Super-Resolved Imaging of the Functional Microarchitecture within Single, Living Dendrite Spines

Thomas A. Blanpied, Ph.D.

University of Maryland School of Medicine

Department of Physiology
Funded in June, 2009: $200000 for 3 years


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Imaging How Alzheimer’s-related Beta-Amyloid May Disrupt Synaptic Communication

This study will explore how beta amyloid, a protein heavily implicated in Alzheimer’s disease, may disrupt synaptic communication in the brain.

Neurons communicate with one another at the synapse, the junction between them. Brain synapses have two properties that enable cells to store and exchange information. First, they maintain stable transmission strength between two connected neurons over very long periods of time. Second, they can undergo rapid changes (in seconds) in the strength of that connection. Some researchers, therefore, suspect that the inability to form new memories in Alzheimer’s disease is initially due not to brain cell death but rather to altered molecular events at synapses that disrupt communication of information to be stored as memory.  Specifically, the neurotransmitter glutamate is ordinarily released from one cell in the hippocampus and activates its connected neuron at the cells’ “dendritic spines,” miniscule finger-like protrusions.

Dendritic spines vary widely in size and shape, correlated with the strength of their synaptic connection. According to the investigators, because many forms of synaptic plasticity involve changes to only one synapse, it is likely that single spines contain internal molecular processes that enable their modification.  This study will use laboratory cultures of rat hippocampus to test how beta amyloid may disrupt these processes.

The Maryland investigators hypothesize that a protein called “actin” plays a key role in coordinating the shape and size of dendritic spines and the number of glutamate receptors on them. They will use a newly developed molecular imaging technique, called “photoactivated localization microscopy” (PALM), in laboratory rat hippocampal tissue. PALM, which has a resolution that is 10 to 100 times greater than conventional confocal microscopes, shows where each of many fluorescently-labeled molecules is located. It therefore can track individual actin molecules within a single dendritic spine.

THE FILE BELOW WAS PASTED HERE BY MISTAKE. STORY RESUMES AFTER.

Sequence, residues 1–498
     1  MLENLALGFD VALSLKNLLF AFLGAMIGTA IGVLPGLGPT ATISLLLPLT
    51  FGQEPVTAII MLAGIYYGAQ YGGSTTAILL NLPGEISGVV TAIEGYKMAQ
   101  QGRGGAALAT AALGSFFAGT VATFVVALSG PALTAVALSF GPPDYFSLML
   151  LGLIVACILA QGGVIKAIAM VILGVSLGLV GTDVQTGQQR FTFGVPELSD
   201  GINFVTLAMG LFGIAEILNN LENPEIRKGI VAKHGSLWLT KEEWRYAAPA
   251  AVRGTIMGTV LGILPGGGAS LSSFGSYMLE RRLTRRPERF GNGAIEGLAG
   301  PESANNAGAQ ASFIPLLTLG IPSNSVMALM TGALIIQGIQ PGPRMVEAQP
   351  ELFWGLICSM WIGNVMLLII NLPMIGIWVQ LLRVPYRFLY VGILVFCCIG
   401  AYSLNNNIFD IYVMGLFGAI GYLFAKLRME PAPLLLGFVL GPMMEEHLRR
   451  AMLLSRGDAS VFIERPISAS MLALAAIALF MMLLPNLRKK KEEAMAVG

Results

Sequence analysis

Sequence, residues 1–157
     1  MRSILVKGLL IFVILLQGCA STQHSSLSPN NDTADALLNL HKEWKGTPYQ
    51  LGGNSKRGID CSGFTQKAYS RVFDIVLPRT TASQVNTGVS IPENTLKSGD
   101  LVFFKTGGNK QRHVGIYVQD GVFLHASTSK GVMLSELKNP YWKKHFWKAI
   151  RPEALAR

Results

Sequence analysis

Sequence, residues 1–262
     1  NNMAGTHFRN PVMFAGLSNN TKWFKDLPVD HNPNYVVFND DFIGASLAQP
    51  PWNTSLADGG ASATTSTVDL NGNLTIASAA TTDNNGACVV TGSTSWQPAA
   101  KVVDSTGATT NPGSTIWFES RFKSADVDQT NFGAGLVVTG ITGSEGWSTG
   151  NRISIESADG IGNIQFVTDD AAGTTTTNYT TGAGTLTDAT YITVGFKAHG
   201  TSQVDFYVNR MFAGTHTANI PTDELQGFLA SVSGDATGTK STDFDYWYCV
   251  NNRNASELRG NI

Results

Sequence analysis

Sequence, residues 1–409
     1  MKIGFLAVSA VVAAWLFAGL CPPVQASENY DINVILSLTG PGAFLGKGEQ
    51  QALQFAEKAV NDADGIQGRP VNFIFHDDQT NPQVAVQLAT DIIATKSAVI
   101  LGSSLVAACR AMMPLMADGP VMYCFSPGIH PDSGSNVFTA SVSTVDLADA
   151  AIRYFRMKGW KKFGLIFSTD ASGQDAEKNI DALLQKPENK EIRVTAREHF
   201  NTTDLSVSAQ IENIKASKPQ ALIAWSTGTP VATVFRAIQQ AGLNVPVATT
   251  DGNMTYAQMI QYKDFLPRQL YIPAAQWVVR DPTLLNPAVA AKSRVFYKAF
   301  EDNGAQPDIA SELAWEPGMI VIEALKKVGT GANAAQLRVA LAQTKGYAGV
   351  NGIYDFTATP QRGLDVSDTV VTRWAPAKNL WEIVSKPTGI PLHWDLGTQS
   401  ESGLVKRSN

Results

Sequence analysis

First, they will determine whether actin is separately regulated at the synapse or at other points in the dendritic spine. Next they will see whether synaptic plasticity directly involves changes in actin in contact with the synapse. Thereafter, they will test the effects of amyloid protein on the internal organization of the dendritic spine to see whether it hijacks a process in healthy plasticity or induces a harmful form of plasticity.


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Super-Resolved Imaging of the Functional Microarchitecture within Single, Living Dendrite Spines

Neuronal dendritic spines comprise a set of spatially segregated functional subdomains, notably the synapse and the endocytic zone, each of which is strongly influenced by the spine actin cytoskeleton. During learning and behavior, rapid regulation of ongoing actin polymerization underlies diverse forms of synaptic plasticity, notably the control of receptor numbers in the synapse and the morphology of the spine itself.